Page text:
Posted by larry Phelan on 08/03/2017 11:30:57:

Some time ago my nabour,a carpenter,asked me if I might be able to repair his saw bench,an old De Walt model [Well he thought it was old at 20 years,I have my home made saw bench for the last 50 years,home made because at the time,I could not afford to buy one ] . Anyway what had happened was that the thread on the shaft to which the blade was fitted had become damaged,

I was even lucky enough to find a Whitworth nut to suit,in my junk box [never throw out anything ] Result for a little time and effort, the machine is now back up and running.

Just read this and I have to ask, was the nut originally left hand thread? The saw benches I have come across are. I assume as you say you 'found a nut' your fix was probably a right hand thread. It's worth checking as I would say it's a bit safety critical. If it was a left hander it may explain the messed up thread. Perhaps the original got lost and someone wound something a little bigger on it ? As I say I could be wrong but the warning bells started as soon as I read the post.

regards Martin

09/03/2017 09:32:57

Industry does not do things for fun, we do. Some people like CNC and the rest of the Hi tech others enjoy more ancient techniques. I work with a bloke who like to run a pole lathe for wood turning. So long as there are manual machines to be had people will use them. On a more practical level how do you imagine you would get by without some manual capability. Some perhaps many tasks are going to take longer. Is there any one on this forum who has a totally CNC workshop?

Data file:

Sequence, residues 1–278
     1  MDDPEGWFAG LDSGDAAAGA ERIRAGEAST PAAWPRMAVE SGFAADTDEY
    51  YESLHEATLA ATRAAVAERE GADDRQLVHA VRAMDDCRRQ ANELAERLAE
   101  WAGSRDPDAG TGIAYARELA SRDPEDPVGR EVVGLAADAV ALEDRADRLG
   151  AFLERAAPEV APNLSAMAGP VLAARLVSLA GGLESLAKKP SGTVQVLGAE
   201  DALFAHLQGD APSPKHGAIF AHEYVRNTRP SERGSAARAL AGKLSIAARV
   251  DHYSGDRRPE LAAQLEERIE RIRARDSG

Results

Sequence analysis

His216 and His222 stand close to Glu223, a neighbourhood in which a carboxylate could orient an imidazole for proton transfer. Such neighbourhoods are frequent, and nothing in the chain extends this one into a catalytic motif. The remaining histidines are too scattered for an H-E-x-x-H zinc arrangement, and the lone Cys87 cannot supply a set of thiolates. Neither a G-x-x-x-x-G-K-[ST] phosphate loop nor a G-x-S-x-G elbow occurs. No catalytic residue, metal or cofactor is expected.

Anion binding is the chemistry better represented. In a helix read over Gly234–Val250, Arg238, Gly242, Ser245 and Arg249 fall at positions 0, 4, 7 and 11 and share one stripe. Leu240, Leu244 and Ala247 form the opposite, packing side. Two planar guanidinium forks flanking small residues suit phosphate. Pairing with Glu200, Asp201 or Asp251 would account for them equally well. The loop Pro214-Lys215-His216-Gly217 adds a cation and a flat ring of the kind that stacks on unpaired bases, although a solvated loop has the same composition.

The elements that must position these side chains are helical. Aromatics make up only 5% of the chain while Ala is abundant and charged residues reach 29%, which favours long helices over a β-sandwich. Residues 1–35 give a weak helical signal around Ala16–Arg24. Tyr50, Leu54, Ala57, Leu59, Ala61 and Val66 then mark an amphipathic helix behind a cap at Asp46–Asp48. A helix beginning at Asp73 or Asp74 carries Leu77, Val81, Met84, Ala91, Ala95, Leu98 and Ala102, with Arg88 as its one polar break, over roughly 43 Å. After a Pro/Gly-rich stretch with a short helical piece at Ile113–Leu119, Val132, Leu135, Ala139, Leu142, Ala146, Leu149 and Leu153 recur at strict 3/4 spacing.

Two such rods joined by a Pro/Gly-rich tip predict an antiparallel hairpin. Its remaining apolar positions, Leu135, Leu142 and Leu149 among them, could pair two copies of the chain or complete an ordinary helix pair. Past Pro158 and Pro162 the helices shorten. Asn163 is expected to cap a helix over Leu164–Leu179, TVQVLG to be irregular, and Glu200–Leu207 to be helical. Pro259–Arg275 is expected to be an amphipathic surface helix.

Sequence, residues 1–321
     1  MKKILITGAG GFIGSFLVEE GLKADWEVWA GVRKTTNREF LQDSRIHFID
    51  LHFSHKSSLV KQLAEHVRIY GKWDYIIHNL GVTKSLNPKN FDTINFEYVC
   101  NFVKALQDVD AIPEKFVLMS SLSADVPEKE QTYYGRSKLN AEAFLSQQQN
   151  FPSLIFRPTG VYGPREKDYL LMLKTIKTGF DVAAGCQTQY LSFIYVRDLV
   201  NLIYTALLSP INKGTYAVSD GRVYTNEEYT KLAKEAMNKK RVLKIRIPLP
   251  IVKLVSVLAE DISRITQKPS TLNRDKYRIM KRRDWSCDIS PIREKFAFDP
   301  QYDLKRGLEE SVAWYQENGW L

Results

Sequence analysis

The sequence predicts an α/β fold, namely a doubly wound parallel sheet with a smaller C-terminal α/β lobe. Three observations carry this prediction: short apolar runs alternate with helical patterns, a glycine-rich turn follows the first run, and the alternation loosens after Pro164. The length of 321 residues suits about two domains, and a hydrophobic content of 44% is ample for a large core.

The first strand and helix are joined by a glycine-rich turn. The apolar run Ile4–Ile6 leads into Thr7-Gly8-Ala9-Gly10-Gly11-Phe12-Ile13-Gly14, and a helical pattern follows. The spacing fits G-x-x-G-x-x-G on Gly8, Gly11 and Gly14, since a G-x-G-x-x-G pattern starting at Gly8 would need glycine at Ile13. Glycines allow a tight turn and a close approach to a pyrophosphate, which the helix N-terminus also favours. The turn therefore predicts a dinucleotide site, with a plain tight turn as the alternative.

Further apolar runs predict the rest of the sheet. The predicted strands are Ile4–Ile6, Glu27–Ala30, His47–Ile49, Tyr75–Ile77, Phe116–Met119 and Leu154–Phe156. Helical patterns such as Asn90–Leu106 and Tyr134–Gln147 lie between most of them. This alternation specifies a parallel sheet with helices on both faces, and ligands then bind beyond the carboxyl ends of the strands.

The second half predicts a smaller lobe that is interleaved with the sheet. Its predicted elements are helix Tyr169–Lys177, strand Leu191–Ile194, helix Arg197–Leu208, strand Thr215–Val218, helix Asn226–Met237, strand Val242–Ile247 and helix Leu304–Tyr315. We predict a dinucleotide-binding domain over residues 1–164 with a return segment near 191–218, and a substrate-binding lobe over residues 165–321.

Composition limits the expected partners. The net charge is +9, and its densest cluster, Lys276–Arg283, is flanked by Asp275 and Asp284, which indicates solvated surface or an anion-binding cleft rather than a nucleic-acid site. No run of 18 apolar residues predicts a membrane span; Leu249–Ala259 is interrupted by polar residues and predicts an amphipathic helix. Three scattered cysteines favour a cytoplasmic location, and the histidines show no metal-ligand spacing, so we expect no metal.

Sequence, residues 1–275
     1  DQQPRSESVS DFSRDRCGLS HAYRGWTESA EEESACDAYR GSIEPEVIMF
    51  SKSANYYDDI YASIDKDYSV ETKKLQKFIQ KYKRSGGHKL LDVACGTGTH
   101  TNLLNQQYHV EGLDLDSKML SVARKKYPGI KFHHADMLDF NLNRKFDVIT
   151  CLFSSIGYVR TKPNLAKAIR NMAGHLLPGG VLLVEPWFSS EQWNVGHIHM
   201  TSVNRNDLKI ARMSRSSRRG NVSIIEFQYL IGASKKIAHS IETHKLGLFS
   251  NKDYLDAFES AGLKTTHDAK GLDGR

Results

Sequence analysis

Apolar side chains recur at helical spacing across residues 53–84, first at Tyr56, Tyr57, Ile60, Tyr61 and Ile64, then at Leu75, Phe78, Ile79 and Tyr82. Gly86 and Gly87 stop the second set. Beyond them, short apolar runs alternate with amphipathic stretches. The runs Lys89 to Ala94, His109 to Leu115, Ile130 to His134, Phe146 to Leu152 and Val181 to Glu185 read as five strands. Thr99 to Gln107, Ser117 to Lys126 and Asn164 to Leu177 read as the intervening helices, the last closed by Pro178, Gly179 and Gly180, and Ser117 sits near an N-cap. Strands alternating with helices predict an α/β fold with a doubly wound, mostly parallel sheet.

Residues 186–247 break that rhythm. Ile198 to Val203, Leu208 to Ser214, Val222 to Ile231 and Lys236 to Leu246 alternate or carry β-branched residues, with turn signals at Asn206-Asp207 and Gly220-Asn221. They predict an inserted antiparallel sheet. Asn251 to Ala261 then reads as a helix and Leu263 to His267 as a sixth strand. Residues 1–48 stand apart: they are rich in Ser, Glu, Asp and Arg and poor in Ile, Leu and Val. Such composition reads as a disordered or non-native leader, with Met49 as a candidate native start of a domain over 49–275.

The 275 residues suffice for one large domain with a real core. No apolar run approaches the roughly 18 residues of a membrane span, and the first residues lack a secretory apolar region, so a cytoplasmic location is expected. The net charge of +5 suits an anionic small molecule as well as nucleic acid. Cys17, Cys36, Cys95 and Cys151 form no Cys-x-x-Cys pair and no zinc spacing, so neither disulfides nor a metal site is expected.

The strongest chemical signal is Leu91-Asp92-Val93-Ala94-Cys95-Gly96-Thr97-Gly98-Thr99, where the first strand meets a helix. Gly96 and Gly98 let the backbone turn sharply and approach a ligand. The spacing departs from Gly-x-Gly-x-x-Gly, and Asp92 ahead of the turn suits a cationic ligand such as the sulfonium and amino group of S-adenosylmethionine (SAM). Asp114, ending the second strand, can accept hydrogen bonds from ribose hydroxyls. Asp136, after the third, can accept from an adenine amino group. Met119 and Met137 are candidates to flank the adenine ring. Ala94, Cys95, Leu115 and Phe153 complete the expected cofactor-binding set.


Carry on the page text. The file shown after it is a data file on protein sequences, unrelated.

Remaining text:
regards Martin

Thread: Einstein theory of relativity
06/03/2017 11:06:22

re Bill and Jon :-

Perhaps we need to recognize the difference between elapsed time and actual time. When sleeping we do go through cycles of deep and shallow sleep so there are periods when we are conscious enough to be aware of external cues but still in a "sleep state". Even internally to the extent of being aware that "it's a Saturday and there is no work" or "today is the day I need to go to London".